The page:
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Pitt freshman running back Shell returns to practice, ready to go

| Tuesday, Aug. 21, 2012, 12:01 a.m.
Pitt running back Rushel Shell and Ray Graham watch during practice on the South Side. (Chaz Palla | Tribune-Review)

Pitt freshman running back Rushel Shell was excited Monday to chat about his three favorite subjects — football and six-month-old daughters Arionna and Amiyah.

“They can crawl,” he said, his eyes lighting up.

Shell can relate to his twins learning to crawl before they can walk. Dad is going through the same process.

After setting a Pennsylvania record with 9,078 yards in four seasons at Hopewell, Shell spent the first few practices of his college career adjusting to the increased speed and size of the players on the other side of the ball. He struggled initially, and then he missed three days last week while dealing with a troublesome back.

“One day, I just took a wrong cut and everything started hurting,” he said.

Monday, he returned in full pads, aware that playing time at running back might be scarce for those who can't practice.

“At first, I was lost trying to figure out what was going on,” he said. “Now, I'm starting to get the speeds down, when I should make the right cuts.

“I am getting a little accustomed to it. I still got (a long way) to go.”

Shell, 2½ weeks short of his 19th birthday, has stepped into a crowded Pitt backfield, with senior Ray Graham, sophomores Isaac Bennett and Corey Davis and redshirt freshman Malcolm Crockett.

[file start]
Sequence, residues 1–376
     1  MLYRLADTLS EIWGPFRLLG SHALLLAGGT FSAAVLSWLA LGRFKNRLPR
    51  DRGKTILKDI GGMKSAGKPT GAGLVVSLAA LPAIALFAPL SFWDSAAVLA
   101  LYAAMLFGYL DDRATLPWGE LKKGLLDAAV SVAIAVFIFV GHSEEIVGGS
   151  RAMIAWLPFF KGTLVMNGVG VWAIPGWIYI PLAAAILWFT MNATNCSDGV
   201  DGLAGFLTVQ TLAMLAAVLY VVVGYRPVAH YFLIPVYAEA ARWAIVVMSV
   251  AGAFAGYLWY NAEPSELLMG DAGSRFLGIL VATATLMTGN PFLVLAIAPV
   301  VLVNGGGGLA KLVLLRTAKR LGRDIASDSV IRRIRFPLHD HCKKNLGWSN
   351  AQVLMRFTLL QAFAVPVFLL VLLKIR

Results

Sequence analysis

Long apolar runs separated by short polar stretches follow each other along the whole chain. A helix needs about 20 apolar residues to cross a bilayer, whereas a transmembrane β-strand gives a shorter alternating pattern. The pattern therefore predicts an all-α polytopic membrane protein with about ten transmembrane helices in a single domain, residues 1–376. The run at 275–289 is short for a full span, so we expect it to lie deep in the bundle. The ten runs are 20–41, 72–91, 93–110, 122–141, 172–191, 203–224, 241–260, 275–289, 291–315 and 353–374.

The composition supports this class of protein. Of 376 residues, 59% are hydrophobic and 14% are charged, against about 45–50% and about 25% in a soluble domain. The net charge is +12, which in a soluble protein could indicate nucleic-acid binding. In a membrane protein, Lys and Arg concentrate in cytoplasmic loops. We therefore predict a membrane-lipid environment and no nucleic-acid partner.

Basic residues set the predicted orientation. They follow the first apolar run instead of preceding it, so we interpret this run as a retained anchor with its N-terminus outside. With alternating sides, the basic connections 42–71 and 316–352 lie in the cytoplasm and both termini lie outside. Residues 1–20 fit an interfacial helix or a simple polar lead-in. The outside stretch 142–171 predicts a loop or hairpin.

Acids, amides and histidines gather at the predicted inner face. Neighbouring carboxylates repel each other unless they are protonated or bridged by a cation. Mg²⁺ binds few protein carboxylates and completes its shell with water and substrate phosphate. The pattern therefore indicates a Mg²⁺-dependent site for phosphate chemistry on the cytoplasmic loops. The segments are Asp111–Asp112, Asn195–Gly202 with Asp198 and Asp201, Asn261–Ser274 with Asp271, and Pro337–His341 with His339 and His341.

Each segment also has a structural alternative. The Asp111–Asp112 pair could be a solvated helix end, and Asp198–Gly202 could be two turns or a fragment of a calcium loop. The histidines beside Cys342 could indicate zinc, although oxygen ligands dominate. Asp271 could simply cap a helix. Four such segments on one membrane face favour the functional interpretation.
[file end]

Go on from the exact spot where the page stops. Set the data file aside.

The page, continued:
“They make you compete harder because you know if you're not out there, they'll be out there working just as hard, or even harder, than you,” Shell said. “They could take your spot.

“I needed to get back. I decided to work hard to get myself better and get back on the field.”

With five running backs and one football, Shell is realizing there will be limited opportunities, especially with Bennett having an outstanding camp. Even if Graham, one of the nation's top runners last season before injuring his knee, can't start the season, Shell still must fight for playing time.

He doesn't want to redshirt, but he understands the benefits of it.

“At first I didn't want to,” he said. “I just wanted to get out here and play. But when I sat down and talked to some of my teammates, I realized it's a big process.

“If I got redshirted, it would be an extra year to get better, to get more accustomed to the speed and get all the plays down. I wouldn't be mad, but I am still trying to compete and get out there now.”

Jerry DiPaola is a staff writer for Trib Total Media. He can be reached at jdipaola@tribweb.com or 412-320-7997.

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